2 November 2023

New homelessness services hub opens in Adelaide as part of state's fresh approach

| Travis Radford
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SA Human Services Minister Nat Cook and Baptist Care SA CEO Shane Austin.

SA Human Services Minister Nat Cook and Baptist Care SA CEO Shane Austin at Paya’adlu’s opening. Photo: Baptist Care SA.

Specialist Homelessness Services and the SA Government have joined forces to open a new shared space in Adelaide, as part of the state’s fresh approach to tackling homelessness.

The state government said people requiring assistance from homelessness services often present with multiple and complex needs, requiring help from more than one specialist service.

Service providers and government agencies will collaborate together at the new space to streamline assistance and improve strategic planning, information sharing and outcomes for clients.

For at least the next three years, the hub will be located at Baptist Care SA’s Paya’adlu, meaning to “sit, listen and learn” in the language of the Kaurna people of Adelaide and the Adelaide Plains.

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SA Human Services Minister Nat Cook said having the central hub was vital to better and broader collaboration. “Paya’adlu will allow the Alliance members and other services to co-ordinate their resources and knowledge and work towards better outcomes for all people experiencing homelessness or domestic and family violence,” she said. “Every organisation is committed to improving their responsiveness and Paya’adlu will house a dynamic community of services made up of people working together to improve the outcomes for people using these services.”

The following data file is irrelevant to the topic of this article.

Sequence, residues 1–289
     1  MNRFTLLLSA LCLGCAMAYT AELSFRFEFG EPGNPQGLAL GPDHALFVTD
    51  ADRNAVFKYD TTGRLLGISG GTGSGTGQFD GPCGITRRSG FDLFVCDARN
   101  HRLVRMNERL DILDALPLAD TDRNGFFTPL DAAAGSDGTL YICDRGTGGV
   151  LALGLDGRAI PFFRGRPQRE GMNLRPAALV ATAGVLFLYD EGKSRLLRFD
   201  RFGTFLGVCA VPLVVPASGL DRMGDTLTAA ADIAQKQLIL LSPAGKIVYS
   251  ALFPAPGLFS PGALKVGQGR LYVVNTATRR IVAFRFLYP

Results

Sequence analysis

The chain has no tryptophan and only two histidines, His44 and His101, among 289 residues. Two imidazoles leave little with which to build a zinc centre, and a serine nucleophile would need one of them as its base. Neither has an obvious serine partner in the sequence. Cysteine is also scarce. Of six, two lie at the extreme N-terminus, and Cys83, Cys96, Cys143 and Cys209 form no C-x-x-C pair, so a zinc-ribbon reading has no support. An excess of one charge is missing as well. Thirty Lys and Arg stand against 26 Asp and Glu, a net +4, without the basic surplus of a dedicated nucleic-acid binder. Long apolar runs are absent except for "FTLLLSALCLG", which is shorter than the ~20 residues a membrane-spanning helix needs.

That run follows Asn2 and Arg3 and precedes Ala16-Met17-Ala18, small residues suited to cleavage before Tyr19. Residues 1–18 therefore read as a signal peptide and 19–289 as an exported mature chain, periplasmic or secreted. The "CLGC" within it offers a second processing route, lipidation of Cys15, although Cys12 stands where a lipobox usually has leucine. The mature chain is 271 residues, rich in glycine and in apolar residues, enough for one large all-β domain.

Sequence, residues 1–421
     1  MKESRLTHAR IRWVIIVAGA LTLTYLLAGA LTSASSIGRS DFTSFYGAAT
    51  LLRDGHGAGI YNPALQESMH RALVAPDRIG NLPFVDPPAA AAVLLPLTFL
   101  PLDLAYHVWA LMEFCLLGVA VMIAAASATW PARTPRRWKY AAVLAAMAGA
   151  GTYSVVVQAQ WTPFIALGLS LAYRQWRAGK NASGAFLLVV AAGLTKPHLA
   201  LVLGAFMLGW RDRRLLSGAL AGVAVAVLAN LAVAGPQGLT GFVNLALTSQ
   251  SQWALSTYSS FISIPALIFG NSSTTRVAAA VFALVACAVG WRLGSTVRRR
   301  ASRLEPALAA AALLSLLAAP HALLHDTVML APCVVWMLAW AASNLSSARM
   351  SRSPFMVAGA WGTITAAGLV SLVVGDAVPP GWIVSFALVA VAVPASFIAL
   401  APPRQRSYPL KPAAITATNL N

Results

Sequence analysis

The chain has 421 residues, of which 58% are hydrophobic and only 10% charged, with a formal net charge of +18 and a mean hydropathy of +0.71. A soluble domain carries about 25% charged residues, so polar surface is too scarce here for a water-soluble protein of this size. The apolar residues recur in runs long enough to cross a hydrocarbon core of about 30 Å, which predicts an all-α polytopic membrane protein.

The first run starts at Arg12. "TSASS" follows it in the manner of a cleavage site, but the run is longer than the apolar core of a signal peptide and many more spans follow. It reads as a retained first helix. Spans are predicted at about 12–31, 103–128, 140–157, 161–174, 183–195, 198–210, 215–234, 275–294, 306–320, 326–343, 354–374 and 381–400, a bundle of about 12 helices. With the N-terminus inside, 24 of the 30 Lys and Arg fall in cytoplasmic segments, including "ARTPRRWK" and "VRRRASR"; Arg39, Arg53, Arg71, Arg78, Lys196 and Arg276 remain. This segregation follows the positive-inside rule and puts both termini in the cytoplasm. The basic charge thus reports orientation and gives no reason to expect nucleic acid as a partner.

Users of the new shared space will include the SA Housing Authority, other key government departments and members of the Toward Home Alliance.

Alliance members include Lutheran Care, Aboriginal Family Support Services, Baptist Care, Sonder, Mission Australia, Salvation Army and the Hutt Street Centre.

Toward Home Alliance Senior Manager Shaya Nettle welcomed the new Wright Street hub as “a shared commitment to collaboration to improve outcomes for the community.”

Baptist Care SA CEO Shane Austin added, “[it] will help bring the community sector and government together so that decisions can be made on the ground to help end homelessness.”

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The Specialist Homelessness Service system, which includes a state-wide Domestic and Family Violence Alliance, is supported by around $75 million in annual funding. Over the past 18 months, an additional $17 million has been provided, including more than $6 million for inner-city services, $9 million to manage cost pressures and $1.7 million for the Hutt Street Aspire Program.

SA Housing Trust Presiding Member Mary Patetsos AM said Paya’adlu took this existing collaboration a step further.

“We are now in the second year since the establishment of the Homelessness Alliances, which are already doing great work in sharing best practice approaches,” she said.

“Paya’adlu is more than an office space – it is essential to ensure a consolidated and tailored approach for each individual experiencing homelessness.”

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